Well, if you look at it, they are a great team. They have a lot of great players. The way they approach the game, or their mind-set, especially after they bring in Doc [Rivers], they really wanted to win. I've always been playing good with great coaches and I know somehow I would get an opportunity with Doc and do what I can do in the best way.
The Clippers wanted to sign Turkoglu for multiple reasons which will be discussed in more detail shortly, however, Doc Rivers mentioned he wanted to sign Turkoglu prior to their seven-game road trip. Turkoglu inked his contract on January 16th and flew to meet the team before their January 17th meeting with the New York Knicks.
With Turkoglu on the roster, what can the Clippers expect from the 14-year veteran? More importantly, how will he be initiated into the rotation? Here's what Rivers told Arash Markazi of ESPN Los Angeles:
He's another shooter. Sometimes you don't bring a guy in because a guy is not doing something. You bring a guy in because he does something our other guys do as well. He's another shooter and can space the floor. He's very skilled. We would like to take advantage of that.
Turkoglu had not played in a game this season prior to signing with the Clippers after being cut by the Orlando Magic earlier in January. Moreover, he only played in 11 games last season due to an injury and a 20-game suspension for performance-enhancing drugs. Rivers wasted no time inserting Turkoglu into the lineup. Turk played seven minutes against the Knicks, 13 against the Indiana Pacers and 15 against the Detroit Pistons—all within five days of signing his contract.
While he can impact the game with his shooting, especially playing as a small-ball power forward, he also has the ability to create off the dribble and perform some of the duties that Lamar Odom handled with the team’s reserves last season.
While Turkoglu might not provide the type of production he has been known for over the course of his career—11.9 points, 4.2 rebounds, 3.1 assists and 38.1 percent from three—his versatility should allow some players to play a more familiar role. Matt Barnes, who has been inserted into the starting lineup, now can focus less on his outside shooting and more on his defense and hustle. Jamal Crawford will now have two capable ball-handlers to take the creative pressure off him, which is exactly how he excelled last year.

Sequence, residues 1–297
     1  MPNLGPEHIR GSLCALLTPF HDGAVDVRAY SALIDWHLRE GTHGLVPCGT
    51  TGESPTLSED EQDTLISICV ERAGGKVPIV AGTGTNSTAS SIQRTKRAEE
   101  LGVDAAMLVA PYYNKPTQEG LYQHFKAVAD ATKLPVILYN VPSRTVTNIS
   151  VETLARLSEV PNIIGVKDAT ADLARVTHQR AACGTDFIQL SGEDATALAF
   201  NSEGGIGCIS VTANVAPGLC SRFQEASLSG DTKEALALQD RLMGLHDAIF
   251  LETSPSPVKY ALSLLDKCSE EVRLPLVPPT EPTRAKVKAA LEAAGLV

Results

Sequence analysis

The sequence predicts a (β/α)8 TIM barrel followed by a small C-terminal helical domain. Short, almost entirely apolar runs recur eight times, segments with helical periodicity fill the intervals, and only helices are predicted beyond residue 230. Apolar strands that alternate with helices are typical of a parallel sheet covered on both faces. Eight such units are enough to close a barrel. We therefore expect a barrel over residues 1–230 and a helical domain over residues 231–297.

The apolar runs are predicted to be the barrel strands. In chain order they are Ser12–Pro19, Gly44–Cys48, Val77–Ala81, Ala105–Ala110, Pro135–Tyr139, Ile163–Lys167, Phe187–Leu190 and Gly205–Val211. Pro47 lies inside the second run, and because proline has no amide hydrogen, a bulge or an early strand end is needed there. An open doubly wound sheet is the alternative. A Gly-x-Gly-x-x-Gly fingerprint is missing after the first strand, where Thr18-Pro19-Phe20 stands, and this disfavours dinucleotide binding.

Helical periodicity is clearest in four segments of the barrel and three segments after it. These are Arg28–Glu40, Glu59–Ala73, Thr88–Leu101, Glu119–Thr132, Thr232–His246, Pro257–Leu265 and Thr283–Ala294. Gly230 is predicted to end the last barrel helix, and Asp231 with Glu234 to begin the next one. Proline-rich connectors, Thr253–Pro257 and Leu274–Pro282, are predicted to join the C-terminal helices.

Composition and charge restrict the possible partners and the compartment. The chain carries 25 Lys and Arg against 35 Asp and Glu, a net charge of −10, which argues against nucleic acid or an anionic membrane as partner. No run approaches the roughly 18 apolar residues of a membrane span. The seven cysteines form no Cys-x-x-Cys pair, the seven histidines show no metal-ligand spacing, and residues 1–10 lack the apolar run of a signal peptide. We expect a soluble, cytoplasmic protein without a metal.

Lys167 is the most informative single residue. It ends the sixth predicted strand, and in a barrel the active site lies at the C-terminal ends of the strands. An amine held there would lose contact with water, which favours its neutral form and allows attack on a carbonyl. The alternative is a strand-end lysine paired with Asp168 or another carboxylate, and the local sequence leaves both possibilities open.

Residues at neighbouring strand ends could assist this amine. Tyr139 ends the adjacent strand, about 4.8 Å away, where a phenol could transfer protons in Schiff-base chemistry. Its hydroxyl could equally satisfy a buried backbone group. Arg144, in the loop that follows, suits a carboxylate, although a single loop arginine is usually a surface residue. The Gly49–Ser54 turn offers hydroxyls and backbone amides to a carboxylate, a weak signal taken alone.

While it is far too early to divulge anything from the three games Turkoglu played thus far, Rivers seems like he is doing his best to force feed him minutes at both forward positions. Bringing Dudley off the bench with Turkoglu is an interesting scenario to keep an eye on; Dudley plays well when he can spot up on the wing and should have no problem playing next to Turkoglu and Crawford.
Defensively, it remains to be seen what kind of impact Turkoglu will have. He has never been known as a defender, but should fare better guarding bigger forwards over strictly small forwards. Additionally, this is where Dudley’s solid defense could be used to help mask some of Turkoglu’s deficiencies and the same can be said about Barnes.
Furthermore, the Clippers have thrived defensively under Rivers, despite a slow start. According to NBA.com, the Clippers are eighth in the league in points allowed per 100 possessions at 101.1 points. Even more impressive, the Clippers rank fourth since December 1st, giving up only 100.2 points per 100 possessions. Unless Turkoglu’s defense is absolutely terrible—and I mean Byron Mullens' 112.2 points allowed per 100 possessions, 424th out of 449 players terrible—his defense should not be a huge concern until his conditioning improves.
Much like every other player on the roster, Rivers is going to give Turkoglu a clear and defined role. It will be up to Turkoglu to prove to Rivers that he belongs in the rotation and that his skill level can be a positive for a team looking for someone, anyone, to provide depth at the forward position. Like Rivers said, his shooting, versatility and creation ability can help the team now and for the rest of the season. It will be up to Turkoglu to shake off the rust from nearly two seasons without any meaningful minutes. Let’s hope he can.
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